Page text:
To the Editor:—
Since the original description by Thomson and Marson in 1953,1 there have been at least ten additional reports of the occurrence of polycythemia associated with uterine fibroids. All of these patients have had very large tumors; all have responded to hysterectomy with a prompt return of hematological values to normal. Various etiological factors have been postulated, including mechanical interference with pulmonary ventilation,2 ectopic erythropoiesis,3 renal vascular occlusion,4 hypoxia of bone marrow,5 and the occurrence of arteriovenous shunts within the tumor.6 The following is a report of an additional case. This patient had a large tumor also, and her hematological values returned to normal after a hysterectomy.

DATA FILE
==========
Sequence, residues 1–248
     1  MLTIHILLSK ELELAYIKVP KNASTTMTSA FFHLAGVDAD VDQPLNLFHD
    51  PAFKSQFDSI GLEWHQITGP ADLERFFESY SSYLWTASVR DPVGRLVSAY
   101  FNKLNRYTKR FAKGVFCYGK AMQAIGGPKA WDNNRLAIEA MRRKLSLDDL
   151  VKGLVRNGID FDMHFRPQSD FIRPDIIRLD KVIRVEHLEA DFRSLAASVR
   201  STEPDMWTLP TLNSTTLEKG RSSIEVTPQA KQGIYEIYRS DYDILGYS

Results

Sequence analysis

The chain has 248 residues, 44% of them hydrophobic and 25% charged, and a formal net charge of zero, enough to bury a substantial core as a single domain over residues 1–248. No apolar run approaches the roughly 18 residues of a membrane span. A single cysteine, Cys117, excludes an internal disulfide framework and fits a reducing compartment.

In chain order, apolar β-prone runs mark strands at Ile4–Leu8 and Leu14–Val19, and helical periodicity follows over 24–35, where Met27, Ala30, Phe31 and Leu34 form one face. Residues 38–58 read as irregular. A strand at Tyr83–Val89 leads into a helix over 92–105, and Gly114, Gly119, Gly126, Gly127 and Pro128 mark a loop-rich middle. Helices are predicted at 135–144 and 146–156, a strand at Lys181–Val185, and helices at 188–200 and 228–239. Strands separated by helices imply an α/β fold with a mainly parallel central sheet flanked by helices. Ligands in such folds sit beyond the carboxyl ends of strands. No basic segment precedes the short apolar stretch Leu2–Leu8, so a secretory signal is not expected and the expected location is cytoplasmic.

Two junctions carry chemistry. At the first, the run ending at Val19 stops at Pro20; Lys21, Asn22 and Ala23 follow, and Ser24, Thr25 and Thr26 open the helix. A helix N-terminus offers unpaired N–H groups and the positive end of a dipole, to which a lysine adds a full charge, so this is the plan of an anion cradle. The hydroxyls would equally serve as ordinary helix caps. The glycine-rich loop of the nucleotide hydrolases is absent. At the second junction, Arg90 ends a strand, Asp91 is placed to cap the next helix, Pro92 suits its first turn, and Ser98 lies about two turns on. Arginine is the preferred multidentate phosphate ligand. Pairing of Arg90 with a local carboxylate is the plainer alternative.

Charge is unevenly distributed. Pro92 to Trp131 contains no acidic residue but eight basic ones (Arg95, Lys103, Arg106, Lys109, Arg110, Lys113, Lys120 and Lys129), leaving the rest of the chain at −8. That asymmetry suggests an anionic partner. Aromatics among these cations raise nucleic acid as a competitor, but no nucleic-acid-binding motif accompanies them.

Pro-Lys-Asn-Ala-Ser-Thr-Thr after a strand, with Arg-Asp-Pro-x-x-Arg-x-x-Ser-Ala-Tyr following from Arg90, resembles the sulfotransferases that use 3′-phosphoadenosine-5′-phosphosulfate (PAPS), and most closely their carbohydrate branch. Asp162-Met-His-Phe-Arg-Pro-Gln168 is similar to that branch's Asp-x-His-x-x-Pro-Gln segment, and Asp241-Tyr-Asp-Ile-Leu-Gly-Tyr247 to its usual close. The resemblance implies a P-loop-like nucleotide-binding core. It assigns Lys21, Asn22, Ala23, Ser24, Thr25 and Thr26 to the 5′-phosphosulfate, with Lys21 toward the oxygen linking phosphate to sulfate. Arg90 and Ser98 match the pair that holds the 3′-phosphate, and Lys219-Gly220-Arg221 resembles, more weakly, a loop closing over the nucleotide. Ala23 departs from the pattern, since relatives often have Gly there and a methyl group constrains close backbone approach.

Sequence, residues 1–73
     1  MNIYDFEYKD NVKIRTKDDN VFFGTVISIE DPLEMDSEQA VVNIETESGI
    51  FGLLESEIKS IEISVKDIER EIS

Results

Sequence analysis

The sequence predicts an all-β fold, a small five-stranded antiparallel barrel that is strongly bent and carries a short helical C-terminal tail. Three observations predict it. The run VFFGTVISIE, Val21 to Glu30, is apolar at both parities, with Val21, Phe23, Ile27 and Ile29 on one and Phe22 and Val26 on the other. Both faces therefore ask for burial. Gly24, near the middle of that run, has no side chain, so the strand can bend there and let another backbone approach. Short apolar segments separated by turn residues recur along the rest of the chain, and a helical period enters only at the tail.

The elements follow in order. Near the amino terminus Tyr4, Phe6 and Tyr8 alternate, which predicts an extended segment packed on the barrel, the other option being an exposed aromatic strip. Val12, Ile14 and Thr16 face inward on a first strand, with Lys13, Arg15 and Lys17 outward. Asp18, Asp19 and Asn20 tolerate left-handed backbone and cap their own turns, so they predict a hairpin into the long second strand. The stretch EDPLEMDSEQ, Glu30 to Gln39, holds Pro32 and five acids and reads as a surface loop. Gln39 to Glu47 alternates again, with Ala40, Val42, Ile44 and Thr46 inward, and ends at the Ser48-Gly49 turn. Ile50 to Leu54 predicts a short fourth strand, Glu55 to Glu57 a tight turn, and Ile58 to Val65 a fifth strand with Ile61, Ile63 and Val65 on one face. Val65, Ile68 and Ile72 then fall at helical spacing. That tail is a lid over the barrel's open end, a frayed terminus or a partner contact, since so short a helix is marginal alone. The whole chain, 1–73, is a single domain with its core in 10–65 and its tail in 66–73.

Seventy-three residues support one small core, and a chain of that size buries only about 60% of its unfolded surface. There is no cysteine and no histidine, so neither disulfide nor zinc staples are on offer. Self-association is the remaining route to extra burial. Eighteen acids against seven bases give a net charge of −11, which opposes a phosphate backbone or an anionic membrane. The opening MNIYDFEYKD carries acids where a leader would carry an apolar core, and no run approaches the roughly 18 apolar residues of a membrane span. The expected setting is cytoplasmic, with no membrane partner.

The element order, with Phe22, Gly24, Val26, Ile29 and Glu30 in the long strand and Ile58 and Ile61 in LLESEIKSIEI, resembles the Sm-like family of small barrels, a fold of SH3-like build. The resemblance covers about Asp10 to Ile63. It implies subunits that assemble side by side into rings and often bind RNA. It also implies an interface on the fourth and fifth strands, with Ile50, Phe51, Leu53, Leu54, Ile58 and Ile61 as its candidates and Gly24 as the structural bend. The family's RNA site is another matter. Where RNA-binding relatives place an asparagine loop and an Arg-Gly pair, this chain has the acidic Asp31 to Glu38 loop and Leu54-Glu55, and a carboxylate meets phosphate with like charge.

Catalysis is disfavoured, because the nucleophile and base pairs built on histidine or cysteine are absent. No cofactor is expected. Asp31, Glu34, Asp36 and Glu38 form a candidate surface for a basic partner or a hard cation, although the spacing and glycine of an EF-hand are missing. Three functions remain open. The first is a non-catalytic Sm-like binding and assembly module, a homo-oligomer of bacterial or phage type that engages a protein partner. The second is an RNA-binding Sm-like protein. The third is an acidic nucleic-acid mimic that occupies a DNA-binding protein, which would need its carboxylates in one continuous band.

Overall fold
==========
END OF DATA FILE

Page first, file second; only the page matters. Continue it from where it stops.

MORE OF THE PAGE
Report Of a Case:—
A 38-year-old white woman was admitted to the hospital on May 17, 1966, with complaints of dizziness, headaches, palpitation of the heart, and a ruddy discoloration of the skin. Symptoms had
Morton ED, Evans EF, Daines WP. Polycythemia and Uterine Myomata. JAMA. 1967;200(5):419. doi:10.1001/jama.1967.03120180107026